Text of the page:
Cairn India can grow faster if the government policies are more sensible
Cairn India has come a long way in 20 years, having started with 3,000 barrels of oil a day, in Ravaa fields, to a current output of 180,000 barrels, representing 25% of India's needs, which are growing by the hour! They could notch to 300,000 barrels, a thousand leaps forward from the tiny step they took two decades ago. And, when they do, which is within their reach, they would be able to meet 35% of India's oil requirements.
Cairn India, along with its joint venture partner ONGC (Government of India company), holds 70% with the balance 30% stake held by the latter. They operate in four basins and have made 40 discoveries so far. Around 95% of its production is oil and the balance is gas, in which they have shown serious interest in recent times.
It may be recalled that the Rajasthan block initially covered an area of 11,108 sq kms but the licence was given to explore only 10,558 sq kms, as 550 sq km being the unexplored area, which was surrendered, by Cairn India, to the Government, in line with the norms laid down in the Barmer block. Now, once surrendered, it looks like it makes it obligatory for the government to go for an auction once again! This is what Veerappa Moily has recently mentioned in a statement.
It appears that Cairn India has now sought reinstatement of the block to the government and the appeal made by them to the Cabinet, if accepted, would be the right step in the right direction, as this would eliminate new processing cost and loss of time. In any case, we may bear in mind that it is now Cairn India is taking the risk in taking up the exploration costs that may or may not bear any oil or gas for that matter! Why not give them the chance?
Another important issue that has come up is that the contract for the Rajasthan block is valid till May 2020, hardly seven years away from now, which is, practically small lead time in the oil industry. Cairn India have approached the government that the contract should be actually extended to the full life and economic potential of the block, which, they estimate may be for about 20 years or so. Such a move would enable them to plan their exploration work, investment plans and options which are likely to involve capital expenditure of millions of dollars.
It must be borne in mind that the Rajasthan block was awarded much before the establishment of the New Exploration Licensing Policy (NELP), which does not stipulate any "expiry" date as such. Since this is the case for new contracts, why not apply to all existing contracts the same rule?
While Cairn India investigates the prospects for oil and gas under the ground, they have, above on hand, clean cash reserves of over $3 billion! Thankfully, when the government permitted them to explore in existing, producing fields, Cairn India took expeditious action and have discovered oil and gas in Barmer basin in Rajasthan, and in Nagaylanka in Andhra Pradesh.
With these encouraging finds, Cairn India hope to invest a substantial portion of this cash reserves in Rajasthan initially, and with others to follow in due course.
Moneylife has carried stories on Cairn India on a regular basis. It may be recalled that Cairn India had sought government clearance to go in for a swap arrangement by which they may be permitted to export the crude oil and gas from Barmer to get a better price in the international market (currently Rajasthan oil is being sold at about 8% to 13% cheaper then Brent) and, in lieu, import cheaper crude that can be supplied to Indian refineries who are designed to handle them with ease. For this, Cairn India had suggested that they would use the service of Indian Oil (a Government of India company), so that everyone benefits. For, at the moment, India imports crude and does not permit its export. Such a move would benefit refineries like Mangalore Refinery, which has been largely dependent upon Iranian crude.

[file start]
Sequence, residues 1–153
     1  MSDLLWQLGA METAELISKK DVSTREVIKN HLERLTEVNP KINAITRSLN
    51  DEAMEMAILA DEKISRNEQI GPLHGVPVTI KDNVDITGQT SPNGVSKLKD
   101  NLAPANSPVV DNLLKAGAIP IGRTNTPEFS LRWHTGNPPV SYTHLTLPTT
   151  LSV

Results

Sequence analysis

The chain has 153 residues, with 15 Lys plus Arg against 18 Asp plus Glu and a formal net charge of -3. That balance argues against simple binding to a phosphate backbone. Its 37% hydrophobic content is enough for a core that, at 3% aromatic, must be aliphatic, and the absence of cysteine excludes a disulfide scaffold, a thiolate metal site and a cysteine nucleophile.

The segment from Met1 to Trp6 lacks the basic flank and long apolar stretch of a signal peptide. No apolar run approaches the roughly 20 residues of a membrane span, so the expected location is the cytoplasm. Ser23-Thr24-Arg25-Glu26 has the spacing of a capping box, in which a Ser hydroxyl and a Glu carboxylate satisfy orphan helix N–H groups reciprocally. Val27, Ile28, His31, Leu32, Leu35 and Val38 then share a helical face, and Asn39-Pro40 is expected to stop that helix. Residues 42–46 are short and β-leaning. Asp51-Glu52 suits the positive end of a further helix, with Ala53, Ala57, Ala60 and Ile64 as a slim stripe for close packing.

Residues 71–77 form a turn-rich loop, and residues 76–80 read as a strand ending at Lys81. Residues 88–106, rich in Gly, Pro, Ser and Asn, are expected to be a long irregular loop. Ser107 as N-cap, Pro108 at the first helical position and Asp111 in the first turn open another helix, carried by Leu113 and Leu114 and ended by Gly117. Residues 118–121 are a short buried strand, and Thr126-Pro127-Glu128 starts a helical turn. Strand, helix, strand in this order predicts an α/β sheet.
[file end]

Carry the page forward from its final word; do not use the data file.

A look at the web site of Cairn India is educative. The capital expenditure plans are on the anvil and it is apparent that they are awaiting government clearances to take major steps in the right direction. From the Rajasthan block itself, they project a production of 200,000 to 250,000 barrels a day by 2013-14, just in the next few months.
In addition to their development and expansion plans in India, Cairn India has taken steps to explore in the neighbouring unexplored areas in Sri Lanka, which looks promising, and South Africa. The onshore discovery of oil and gas in Nagaylanka in Andhra Pradesh involves additional investment of about Rs500 crore in the next 2/3 years, details of which are expected.
On the whole, in the next few months, Cairn India, being an active member of the Vedanta family, may spring pleasant surprises for its share holders, considering its huge cash reserves, and the capex plans ahead for its future expansion and development.
(AK Ramdas has worked with the Engineering Export Promotion Council of the ministry of commerce. He was also associated with various committees of the Council. His international career took him to places like Beirut, Kuwait and Dubai at a time when these were small trading outposts; and later to the US.)
Revision of data, including inflation numbers, with such wide variation, does not augur well for a country like India known for leadership in technology and innovation
The Ministry of Commerce & Industry (MCI) periodically releases economic data relating to inflation, gross domestic product (GDP) growth, index of industrial production (IIP). But many times, these basic figures do not reflect the correct position, as MCI first publish provisional figures and thereafter, with a delay of one to two months, release the final figures which are generally found to be in variance with the provisional figures.